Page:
Flying Squirrel House W/Spy Cam




Introduction: Flying Squirrel House W/Spy Cam

My bride thinks that the Southeastern flying squirrels that are so abundant here in South Carolina are about the cutest things she has seen, outside of me, of course. Since I am retired and have some time to devote to the project, I consented to design and build her a squirrel house with the added feature of a Bird House Spy Cam so she could keep track of the little critters on our big screen TV.
The design blueprint is all in my head, but is simple enough to build because it has only a few critical points. I used a couple of standard construction grade 2x4's, but they were specially selected from among many at the home improvement store. Criteria for selection is no knots, no warp, and no splits, so I had to cycle through at least half a bundle of them to find that criteria. I could have saved time by spending a little more and going for some furniture grade stuff, but I liked the challenege. All of the wood for the house was fashioned from these two 2x4's except for a couple of pieces of scrap 2x6 treated board and a piece of composite decking that I used for the mounting bracket. I also used exterior 3/8" plywood for the chimney and the gables.

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Step 1: The Mounting Bracket

Since the finished house is rather heavy, I fashioned a bracket custom made for the tree I chose for the house. The pieces that rest against the tree are curved in and are composite material so it will resist rot, and the top and bottom cross members are 1" thick treated boards that will slide into slots in the house. The house will be attached to the bracket by two 1/4"x2" lag bolts at the top and two 2 1/2" wood screws at the bottom for adjustment to a level position should the tree be off from vertical.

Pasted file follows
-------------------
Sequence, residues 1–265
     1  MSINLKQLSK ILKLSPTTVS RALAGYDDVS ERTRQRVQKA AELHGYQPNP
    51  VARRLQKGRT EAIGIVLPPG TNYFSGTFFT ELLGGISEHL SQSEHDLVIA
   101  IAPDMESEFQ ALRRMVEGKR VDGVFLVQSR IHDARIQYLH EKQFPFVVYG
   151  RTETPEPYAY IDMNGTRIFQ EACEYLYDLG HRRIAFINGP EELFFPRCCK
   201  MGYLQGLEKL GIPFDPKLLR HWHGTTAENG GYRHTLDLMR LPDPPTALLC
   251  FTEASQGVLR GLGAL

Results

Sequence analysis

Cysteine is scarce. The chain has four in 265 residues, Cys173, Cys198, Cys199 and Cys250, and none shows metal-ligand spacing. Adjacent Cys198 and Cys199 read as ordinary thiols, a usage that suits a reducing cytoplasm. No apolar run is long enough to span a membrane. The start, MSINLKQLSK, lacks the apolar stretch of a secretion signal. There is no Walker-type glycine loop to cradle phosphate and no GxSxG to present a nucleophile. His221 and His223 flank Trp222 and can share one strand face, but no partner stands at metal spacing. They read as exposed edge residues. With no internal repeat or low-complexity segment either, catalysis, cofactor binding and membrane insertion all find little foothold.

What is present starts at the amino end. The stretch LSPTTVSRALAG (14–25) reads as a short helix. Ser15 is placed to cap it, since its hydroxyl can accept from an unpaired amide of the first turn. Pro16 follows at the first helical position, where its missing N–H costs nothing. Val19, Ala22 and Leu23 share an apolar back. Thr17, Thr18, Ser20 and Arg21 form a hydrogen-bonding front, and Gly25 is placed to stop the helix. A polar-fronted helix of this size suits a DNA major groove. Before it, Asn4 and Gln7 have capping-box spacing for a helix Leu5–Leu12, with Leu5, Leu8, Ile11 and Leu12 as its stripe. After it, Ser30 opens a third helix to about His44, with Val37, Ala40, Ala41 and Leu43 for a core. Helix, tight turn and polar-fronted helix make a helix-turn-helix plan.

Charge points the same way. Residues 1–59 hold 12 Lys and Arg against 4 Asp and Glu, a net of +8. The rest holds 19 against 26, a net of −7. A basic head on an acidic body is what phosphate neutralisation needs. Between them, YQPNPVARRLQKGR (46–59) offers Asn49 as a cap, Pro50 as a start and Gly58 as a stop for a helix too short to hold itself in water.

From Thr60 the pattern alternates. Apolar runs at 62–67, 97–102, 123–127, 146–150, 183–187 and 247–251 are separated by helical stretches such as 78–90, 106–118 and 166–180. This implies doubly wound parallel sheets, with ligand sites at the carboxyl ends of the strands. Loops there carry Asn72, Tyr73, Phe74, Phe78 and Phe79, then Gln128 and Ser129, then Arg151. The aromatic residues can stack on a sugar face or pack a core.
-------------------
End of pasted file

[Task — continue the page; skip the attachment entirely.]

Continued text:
Step 2: The Lower Section

I used a table saw to cut the 2x4 into 1" square "logs". I cut about 3 dozen of them 1' long even though I knew some would be 10" because of the "log cabin" type of construction. I chose this design because I read that these tiny creatures look for a stable and solid place for their nest and interlocked 1" square "logs" provide that stability. The logs are held together by three nails spaced evenly and a longer nail at the joints at the corners. A liberal amount of wood glue adds strength as well as a tight closure against the wind and rain.

I chose to provide the house with two shelves on the inside in addition to the floor so the squirrel with have options for the location for her nest, but would none the less be more likely to put it within view of the Spy Cam. The planks for the shelves were cut from the same 2x4 as were the logs and the dimensions were about the same for both except for the thickness which was about 1/8" for the planks.

The slots for the mounting bracket are formed at the bottom by the right ends of the two 1" crosswise logs and at the top by two short logs at the top of the right wall just under the bottom of the roof section.

The entrance hole is a piece of the 2x4 that is cut to 2"x8"x1" thick with a 1 1/2" hole at the center. This piece is also cut with a slot in the center of its thickness that will accept a piece of sheet metal to act as a deterrent for the big squirrels who will chew up the door to get inside. They do not want to live in there and they will not eat the smaller flying squirrel, so I guess they are just curious. It is much easier to place the metal with a couple of screws to hold it in place before you cut the entrance hole.

Step 3: The Roof Section

I also used the same planks cut for the shelves to fashion the rafters and ridge beam, but had to cut them longer. Every dimension in the construction is a derivative of the 1" square, 1 ' long logs of the walls, but notice that I made the roof 2" wider in the front/rear direction to provide for an overhang on the front. That overhang also creates a "loft" over the entrance hole.